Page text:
mRNA Vaccine Process Manufacturing

Process Train for mRNA Vaccines

Process Train for mRNA Vaccines

Delivery of an mRNA into the cytosol of a cell can induce production of a target protein to trigger an immune response for vaccination purposes. The power and promise of mRNA technology were demonstrated by the development of COVID-19 vaccines with unprecedented speed and efficacy.

Development and manufacturing of mRNA vaccines is comparatively simple, scalable and extremely rapid. mRNA is produced by in vitro synthesis through an enzymatic process and there is no need to remove cells or host cell proteins. This simplified manufacturing process allows GMP facilities to switch to a new protein target within a very short period of time, with minimal adaptation to process and formulation.

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Optimise Production of Plasmid DNA

Given the central role of the DNA Template in mRNA vaccine production, its design and purity are important factors for optimizing the mRNA product. Different technologies can be used. The traditional method is based on a plasmid DNA that is amplified within bacterial cells, and subsequent purification steps must be designed to yield a pure, concentrated, circular pDNA, which is then linearized. Our differentiated polymerase chain reaction (PCR)-based technology for DNA Template generation, has shown to have advantages over other technologies for mRNA manufacturing.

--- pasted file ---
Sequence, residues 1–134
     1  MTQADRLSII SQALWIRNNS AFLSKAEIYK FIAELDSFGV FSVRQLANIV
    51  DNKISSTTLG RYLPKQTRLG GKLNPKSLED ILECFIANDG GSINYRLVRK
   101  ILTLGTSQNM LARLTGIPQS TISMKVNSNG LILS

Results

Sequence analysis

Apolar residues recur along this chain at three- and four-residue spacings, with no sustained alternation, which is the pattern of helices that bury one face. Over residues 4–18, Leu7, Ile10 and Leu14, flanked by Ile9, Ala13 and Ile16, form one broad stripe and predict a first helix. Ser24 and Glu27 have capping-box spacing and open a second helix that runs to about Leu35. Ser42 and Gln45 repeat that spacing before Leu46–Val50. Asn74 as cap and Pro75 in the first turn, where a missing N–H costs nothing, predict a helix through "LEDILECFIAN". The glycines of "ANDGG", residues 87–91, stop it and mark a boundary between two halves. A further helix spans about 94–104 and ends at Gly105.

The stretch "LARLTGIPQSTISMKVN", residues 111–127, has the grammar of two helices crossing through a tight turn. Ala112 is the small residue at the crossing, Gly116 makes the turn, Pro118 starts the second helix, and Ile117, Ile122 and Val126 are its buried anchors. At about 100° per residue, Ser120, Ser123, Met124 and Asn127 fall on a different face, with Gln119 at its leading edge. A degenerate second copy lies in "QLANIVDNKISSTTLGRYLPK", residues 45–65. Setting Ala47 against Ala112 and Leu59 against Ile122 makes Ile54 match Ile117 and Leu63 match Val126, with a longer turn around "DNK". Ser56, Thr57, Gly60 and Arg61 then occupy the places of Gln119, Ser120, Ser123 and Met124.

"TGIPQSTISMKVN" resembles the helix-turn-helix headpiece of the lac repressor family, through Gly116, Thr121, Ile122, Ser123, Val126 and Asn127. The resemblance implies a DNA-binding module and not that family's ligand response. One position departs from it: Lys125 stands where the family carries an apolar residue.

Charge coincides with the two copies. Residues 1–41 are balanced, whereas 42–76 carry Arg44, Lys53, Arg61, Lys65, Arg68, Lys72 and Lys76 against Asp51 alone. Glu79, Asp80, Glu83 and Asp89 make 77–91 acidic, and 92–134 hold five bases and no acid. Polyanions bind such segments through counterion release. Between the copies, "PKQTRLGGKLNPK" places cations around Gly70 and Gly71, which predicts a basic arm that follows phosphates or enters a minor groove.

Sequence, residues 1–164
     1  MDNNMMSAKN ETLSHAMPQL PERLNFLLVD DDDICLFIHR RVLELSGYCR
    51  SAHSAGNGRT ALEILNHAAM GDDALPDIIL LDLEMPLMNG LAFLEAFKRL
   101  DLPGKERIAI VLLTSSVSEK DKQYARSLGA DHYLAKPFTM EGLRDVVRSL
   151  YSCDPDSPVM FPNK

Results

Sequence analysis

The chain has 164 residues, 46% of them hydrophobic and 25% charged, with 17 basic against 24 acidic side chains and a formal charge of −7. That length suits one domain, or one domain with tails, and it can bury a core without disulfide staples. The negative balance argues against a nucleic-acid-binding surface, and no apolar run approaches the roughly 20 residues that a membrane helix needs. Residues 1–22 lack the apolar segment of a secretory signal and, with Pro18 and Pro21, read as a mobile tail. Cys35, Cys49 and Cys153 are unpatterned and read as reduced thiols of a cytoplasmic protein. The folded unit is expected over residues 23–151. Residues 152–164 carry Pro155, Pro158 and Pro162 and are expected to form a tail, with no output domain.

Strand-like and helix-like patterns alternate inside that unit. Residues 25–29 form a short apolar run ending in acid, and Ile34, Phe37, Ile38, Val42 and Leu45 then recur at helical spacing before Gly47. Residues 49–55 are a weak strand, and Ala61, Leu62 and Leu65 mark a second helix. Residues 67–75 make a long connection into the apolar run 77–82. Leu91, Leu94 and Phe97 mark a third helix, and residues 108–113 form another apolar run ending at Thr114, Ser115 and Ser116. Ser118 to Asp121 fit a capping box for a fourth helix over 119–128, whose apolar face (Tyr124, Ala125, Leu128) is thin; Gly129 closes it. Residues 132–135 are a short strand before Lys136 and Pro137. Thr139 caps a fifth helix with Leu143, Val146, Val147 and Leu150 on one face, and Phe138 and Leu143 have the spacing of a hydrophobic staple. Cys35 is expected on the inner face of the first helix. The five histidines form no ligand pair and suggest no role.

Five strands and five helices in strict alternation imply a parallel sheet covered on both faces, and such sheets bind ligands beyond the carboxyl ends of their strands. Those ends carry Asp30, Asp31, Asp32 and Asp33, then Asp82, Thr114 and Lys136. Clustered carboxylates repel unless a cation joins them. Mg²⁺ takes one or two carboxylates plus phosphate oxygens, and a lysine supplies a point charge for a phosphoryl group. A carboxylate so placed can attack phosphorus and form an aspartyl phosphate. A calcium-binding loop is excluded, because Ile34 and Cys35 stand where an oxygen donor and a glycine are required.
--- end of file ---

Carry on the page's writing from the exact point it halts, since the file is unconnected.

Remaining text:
Maximize Recovery of the mRNA

The purity of the mRNA is a crucial determinant of yields and efficiency. Impurities removal reduces innate immune responses and result in significantly higher levels of reporter protein expression. Following in vitro transcription, products and process impurities must be removed including eventual endotoxins, immunogenic double stranded RNA (dsRNA), residual DNA template, RNA polymerase, RNA-DNA hybrids, secondary RNA structures (hairpin contaminants), elemental impurities. Such impurities can induce strong inflammatory reactions and side effects and need to be closely controlled prior product releasing.

Ensure Efficient Purity of the mRNA

Several options are available for mRNA purification including tangential flow filtration (TFF), reverse-phase ion-pair, anion exchange (AEX), hydrophobic interaction chromatography (HIC), and affinity chromatography using poly(dT) capture. Following the chromatography steps, a final concentration and diafiltration is performed to maximize purity and to transfer the mRNA into the appropriate buffer for formulation or storage.

Optimize Delivery of the Vaccine

The purified mRNA must be formulated into the delivery particle. Lipid nanoparticles (LNP) are commonly used for this purpose and to protect the mRNA from degradation. Lipids must be chosen based on the desired delivery route to achieve maximum efficacy and optimal biodistribution. Additional aspects to be considered when selecting the lipid include the type, source and quality.